The Pacific Ocean has been growing warmer and a new study shows that this trend matches simple natural trends in wind changes and not the affect of greenhouse gases that many attribute to the global warming or climate change phenom a new study shows.
Monday, the study was released and detailed comparisons of ocean water temperatures and surface air pressure from the years 1900 to 2012 and found a very close match. According to the study’s lead author, Jim Johnstone a climatologist from the Joint Institute for the study of the Atmosphere and Ocean at University of Washington, his team found that the wind studied explained the “wiggles” in the temperature curve. He added that it’s clear there are other factors at work, stronger factors, than just greenhouse gasses to explain the temperatures recorded.
The study, which was published online at the journal Proceedings of the National academy of Sciences, which is indeed a peer reviewed journal, doesn’t invalidate global warming but points to the gathered data that shows other factors, like these local winds, which are far more important in explaining the warming of the ocean than just greenhouse gasses. Of course the study’s results would ruffle the feathers of the mainstream science community that now accepts global warming theory where just a few years ago they didn’t. The mainstream scientists wanted to know how the researchers of the study could say changes in wind direction as well as velocity were just natural and unrelated t climate change.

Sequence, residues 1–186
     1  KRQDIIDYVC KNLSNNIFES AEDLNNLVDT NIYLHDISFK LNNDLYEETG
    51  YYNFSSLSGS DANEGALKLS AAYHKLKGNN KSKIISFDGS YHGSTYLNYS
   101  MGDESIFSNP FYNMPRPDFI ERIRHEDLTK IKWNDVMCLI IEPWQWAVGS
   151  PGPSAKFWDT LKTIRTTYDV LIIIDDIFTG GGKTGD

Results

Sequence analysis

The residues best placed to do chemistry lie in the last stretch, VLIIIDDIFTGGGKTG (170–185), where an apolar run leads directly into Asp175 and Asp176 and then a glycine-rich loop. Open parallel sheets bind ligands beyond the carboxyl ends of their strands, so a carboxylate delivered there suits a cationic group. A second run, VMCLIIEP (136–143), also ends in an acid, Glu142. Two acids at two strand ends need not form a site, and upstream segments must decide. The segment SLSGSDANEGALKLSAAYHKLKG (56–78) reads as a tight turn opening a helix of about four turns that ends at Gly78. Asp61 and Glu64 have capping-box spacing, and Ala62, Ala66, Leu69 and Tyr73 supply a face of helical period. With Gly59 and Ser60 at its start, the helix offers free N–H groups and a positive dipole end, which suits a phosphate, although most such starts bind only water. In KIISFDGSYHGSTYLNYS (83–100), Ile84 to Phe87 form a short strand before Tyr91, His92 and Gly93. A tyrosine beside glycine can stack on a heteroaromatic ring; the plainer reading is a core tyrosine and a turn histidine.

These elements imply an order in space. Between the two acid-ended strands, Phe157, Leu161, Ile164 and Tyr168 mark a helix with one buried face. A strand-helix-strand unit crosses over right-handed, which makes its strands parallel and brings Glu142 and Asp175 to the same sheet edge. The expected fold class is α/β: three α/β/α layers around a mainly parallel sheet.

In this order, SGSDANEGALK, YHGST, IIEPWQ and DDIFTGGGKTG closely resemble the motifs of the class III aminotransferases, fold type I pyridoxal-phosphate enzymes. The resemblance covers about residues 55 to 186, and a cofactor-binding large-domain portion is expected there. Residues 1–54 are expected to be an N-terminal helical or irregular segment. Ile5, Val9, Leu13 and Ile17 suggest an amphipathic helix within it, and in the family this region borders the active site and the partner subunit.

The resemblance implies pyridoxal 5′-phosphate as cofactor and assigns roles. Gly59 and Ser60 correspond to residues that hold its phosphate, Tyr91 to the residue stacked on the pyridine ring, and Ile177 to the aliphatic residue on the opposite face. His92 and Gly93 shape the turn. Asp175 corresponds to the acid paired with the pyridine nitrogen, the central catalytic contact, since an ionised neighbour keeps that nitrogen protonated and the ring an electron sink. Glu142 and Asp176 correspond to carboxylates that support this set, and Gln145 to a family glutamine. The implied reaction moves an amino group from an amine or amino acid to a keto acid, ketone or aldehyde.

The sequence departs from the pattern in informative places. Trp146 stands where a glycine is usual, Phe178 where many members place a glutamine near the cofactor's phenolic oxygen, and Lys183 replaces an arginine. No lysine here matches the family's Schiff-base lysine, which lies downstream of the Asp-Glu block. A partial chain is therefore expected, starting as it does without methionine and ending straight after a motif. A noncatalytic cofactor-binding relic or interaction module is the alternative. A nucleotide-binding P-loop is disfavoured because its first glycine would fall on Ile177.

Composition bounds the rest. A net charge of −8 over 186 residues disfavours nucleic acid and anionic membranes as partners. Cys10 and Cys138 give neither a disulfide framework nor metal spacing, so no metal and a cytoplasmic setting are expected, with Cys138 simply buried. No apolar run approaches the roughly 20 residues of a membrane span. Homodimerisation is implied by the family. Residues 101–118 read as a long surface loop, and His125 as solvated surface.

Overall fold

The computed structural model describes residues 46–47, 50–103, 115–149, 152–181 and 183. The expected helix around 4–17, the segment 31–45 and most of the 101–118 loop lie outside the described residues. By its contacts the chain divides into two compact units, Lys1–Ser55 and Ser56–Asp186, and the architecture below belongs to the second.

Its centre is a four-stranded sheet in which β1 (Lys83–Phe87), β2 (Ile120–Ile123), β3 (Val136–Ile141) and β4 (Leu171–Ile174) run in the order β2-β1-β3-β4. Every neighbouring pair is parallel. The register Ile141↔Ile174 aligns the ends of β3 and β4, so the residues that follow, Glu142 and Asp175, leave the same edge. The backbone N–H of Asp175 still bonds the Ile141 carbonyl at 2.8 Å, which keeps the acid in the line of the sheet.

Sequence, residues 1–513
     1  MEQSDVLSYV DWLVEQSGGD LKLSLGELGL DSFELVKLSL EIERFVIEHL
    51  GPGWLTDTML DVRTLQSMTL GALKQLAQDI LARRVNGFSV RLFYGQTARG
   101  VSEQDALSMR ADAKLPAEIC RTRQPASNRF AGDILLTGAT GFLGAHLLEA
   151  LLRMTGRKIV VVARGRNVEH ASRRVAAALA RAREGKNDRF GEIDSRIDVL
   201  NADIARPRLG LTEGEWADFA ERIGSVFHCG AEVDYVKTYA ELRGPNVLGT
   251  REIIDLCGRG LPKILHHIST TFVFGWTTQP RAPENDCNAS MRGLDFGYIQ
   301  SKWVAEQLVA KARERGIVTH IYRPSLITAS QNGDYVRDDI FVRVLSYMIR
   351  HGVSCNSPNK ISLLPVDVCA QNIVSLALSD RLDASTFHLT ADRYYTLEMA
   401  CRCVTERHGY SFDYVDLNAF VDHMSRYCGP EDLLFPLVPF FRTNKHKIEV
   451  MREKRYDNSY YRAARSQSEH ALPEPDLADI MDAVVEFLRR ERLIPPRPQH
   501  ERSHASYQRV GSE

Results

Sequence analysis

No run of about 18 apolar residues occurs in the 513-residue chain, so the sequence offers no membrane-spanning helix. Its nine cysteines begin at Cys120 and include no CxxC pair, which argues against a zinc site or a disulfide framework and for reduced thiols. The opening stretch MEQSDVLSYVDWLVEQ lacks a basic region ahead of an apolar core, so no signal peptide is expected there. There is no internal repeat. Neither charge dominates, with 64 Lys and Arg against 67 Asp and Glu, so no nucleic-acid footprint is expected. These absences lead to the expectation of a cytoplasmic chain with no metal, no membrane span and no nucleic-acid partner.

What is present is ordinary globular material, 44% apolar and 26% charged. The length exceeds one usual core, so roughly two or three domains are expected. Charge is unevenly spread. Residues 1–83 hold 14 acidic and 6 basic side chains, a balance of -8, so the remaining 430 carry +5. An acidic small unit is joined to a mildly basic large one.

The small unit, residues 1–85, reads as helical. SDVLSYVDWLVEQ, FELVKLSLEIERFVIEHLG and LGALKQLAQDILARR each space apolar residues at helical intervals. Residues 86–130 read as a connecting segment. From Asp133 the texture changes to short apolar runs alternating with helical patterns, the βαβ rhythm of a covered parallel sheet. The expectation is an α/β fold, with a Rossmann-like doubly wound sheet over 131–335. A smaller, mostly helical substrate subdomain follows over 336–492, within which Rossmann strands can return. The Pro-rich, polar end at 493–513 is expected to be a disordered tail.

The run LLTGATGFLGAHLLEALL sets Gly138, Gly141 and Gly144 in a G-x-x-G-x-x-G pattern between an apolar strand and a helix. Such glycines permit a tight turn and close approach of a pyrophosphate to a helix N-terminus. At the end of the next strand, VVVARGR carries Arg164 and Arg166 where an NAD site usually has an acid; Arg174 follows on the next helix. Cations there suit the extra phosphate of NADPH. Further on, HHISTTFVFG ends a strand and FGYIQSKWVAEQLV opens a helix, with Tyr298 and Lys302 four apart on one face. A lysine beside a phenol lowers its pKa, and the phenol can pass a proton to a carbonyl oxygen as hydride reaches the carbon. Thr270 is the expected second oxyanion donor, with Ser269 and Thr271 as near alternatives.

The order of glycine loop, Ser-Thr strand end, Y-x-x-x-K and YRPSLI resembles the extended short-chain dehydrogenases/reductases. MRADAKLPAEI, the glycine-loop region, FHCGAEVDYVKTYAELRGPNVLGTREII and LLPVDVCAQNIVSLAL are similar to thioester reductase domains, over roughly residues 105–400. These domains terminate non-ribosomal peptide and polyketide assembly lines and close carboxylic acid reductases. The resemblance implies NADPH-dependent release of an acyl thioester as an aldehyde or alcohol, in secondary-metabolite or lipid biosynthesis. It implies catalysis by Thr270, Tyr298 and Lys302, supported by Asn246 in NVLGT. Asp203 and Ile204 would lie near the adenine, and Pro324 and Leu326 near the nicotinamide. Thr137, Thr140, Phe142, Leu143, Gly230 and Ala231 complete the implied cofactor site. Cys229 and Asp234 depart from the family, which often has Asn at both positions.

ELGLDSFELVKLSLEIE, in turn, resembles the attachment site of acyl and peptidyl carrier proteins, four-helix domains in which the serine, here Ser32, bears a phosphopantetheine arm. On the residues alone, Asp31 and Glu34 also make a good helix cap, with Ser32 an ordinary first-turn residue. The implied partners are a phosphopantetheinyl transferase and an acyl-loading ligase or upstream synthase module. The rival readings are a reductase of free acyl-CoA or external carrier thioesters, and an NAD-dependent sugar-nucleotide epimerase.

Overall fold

The mainstream scientists did however focus on parts of the study that did see a correlation but failed to do the standard statistical analysis to determine the reason or cause of the changes in the wind as natural or from greenhouse gasses. Carnegie Institution for Science’s Department of Global Ecology’s Ken Caldeira who is an atmospheric scientist there pointed out that the study may explain more about climate modeling than causes of the warming waters and that the authors of the study had not totally established the causes of the winds are in no part associated with global warming. Basically, what peer reviews are saying is that yes, waters are warmed by these winds but what is causing the winds to do this. The study itself doesn’t show the rigorous science called for to complete the study.